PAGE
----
1. Tax terrorism: Solving oil sector’s tax mess

Tax terrorism: Solving oil sector’s tax mess

Whether an ONGC, say, explores for oil and gas on its own, or whether it does this along with a Cairn shouldn’t really make a difference as far as its tax status is concerned, right?

By: | Updated: January 24, 2017 8:30 AM
 (PTI) If an ONGC, in this hypothetical example, explores for oil/gas on its own, it is not liable to pay any service tax unless it farms out the work to contractors—the tax is then to be paid on the service-value of the contract. (PTI)

Whether an ONGC, say, explores for oil and gas on its own, or whether it does this along with a Cairn shouldn’t really make a difference as far as its tax status is concerned, right? Going by the rash of tax notices sent to India’s oil companies, including the state-owned ONGC, however, it makes a big difference. If an ONGC, in this hypothetical example, explores for oil/gas on its own, it is not liable to pay any service tax unless it farms out the work to contractors—the tax is then to be paid on the service-value of the contract. But if, as is industry practice, Cairn is the operator of the field and ONGC gives Cairn its share of the capex/opex—’cash calls’ in industry jargon—the amount being paid is now being subjected to a service tax. Since there is a big difference between a service contract and a production sharing contract (PSC), reportedly, the petroleum ministry has also weighed on the side of the oilcos. Since the service tax is levied only on consortiums, what this also means is that the government’s tax policy is influencing the structure of bids—non-consortiums will get a more favourable tax treatment. In order to incentivise oil exploration, all PSCs divide revenue earned into ‘cost petroleum’ and ‘profit petroleum’—each contractor/consortium is allowed to sell oil/gas to fully recover its ‘cost petroleum’, and once this is done, the balance ‘profit petroleum’ is split with the government; the tax notices received by industry include those on ‘cost petroleum’. How can the cost incurred by an oilco be considered a service rendered by the government—unless this interpretation is used, service tax cannot possibly be levied on ‘cost petroleum’?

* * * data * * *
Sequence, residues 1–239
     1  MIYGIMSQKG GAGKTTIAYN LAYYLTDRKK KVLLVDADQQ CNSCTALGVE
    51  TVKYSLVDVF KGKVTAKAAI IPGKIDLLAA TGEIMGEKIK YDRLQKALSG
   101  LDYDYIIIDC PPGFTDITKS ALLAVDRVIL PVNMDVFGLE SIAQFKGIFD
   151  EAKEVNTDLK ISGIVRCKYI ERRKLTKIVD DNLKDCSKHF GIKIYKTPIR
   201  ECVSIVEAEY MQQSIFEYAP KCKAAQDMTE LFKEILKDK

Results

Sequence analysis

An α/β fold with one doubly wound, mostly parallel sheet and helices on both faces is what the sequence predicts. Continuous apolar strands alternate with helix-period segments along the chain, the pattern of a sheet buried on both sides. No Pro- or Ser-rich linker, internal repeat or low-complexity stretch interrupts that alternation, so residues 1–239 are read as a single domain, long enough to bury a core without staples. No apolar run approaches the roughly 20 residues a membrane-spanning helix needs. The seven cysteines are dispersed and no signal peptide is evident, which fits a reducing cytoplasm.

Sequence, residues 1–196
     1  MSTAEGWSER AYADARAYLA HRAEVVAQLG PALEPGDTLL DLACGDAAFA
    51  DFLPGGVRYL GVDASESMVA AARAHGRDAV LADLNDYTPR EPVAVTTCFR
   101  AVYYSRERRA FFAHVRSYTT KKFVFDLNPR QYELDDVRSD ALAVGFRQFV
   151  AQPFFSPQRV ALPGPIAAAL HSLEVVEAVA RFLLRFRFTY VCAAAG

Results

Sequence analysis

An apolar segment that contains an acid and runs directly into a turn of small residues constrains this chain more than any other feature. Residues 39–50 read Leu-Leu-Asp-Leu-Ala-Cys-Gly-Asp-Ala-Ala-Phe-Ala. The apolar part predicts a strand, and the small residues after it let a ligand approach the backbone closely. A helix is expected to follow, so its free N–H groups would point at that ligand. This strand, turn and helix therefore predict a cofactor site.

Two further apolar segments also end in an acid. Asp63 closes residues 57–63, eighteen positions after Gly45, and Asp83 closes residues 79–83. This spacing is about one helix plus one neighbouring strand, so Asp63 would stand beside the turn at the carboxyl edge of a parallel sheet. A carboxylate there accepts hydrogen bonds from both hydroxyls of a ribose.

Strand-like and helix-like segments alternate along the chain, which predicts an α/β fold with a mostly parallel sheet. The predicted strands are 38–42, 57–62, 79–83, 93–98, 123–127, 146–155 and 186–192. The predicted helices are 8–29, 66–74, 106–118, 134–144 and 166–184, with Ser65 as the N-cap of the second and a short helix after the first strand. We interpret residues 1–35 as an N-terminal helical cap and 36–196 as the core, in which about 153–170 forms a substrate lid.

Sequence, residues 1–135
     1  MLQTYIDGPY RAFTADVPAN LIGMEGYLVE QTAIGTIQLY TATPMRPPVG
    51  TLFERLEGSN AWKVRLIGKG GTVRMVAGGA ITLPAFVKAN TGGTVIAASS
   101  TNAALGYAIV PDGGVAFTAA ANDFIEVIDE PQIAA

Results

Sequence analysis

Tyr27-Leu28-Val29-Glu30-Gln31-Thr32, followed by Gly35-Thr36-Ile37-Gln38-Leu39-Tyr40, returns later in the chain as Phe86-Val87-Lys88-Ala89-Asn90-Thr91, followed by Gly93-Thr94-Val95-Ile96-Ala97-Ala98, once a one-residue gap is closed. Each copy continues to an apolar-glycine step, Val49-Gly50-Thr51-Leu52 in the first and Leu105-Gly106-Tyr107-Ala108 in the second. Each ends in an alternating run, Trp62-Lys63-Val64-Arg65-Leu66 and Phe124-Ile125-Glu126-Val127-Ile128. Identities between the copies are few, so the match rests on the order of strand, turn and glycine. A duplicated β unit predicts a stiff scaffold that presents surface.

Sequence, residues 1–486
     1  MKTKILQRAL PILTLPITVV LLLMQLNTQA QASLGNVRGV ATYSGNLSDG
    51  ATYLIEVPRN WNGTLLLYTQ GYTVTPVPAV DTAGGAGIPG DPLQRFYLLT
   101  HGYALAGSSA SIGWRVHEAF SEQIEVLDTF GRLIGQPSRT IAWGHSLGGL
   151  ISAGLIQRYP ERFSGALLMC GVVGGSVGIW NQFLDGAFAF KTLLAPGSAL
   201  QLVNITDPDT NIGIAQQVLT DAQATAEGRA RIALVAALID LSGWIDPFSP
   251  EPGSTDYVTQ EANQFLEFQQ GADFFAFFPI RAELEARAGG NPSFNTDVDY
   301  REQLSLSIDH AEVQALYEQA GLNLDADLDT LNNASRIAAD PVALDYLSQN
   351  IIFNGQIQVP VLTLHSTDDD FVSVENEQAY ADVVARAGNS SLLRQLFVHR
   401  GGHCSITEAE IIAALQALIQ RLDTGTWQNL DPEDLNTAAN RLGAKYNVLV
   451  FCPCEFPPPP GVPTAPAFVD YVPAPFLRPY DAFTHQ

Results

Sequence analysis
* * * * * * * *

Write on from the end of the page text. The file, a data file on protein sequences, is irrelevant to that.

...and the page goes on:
Oilcos, similarly, argue that since even the Supreme Court has held that royalty is a tax, a service tax cannot be levied on royalties as is being done now. Whatever the final view taken on the applicability of service or any other tax, any such decision that has larger ramifications, surely, should be taken by the Central Board of Direct Taxes (CBDT) or the Central Board of Excise and Customs (CBEC) and not by individual tax assessment officers in different tax circles? In the case of treating the capital investments various startups have got in the past as routine business income, similarly, the notices came from individual officers instead of the CBDT deciding that it was all right to do this. The nature of taxation is that each circle takes its own decision, but when this has larger ramifications, the CBDT/CBEC needs to collectively weigh in as well. And when, as in the case of the oilcos, the decision affects the entire industry, a larger consultation should also include the line ministry. If this does not happen, we will constantly remain in a situation where the government tries to woo industry by claiming to frame investor-friendly policies while the industry keeps crying tax terrorism.

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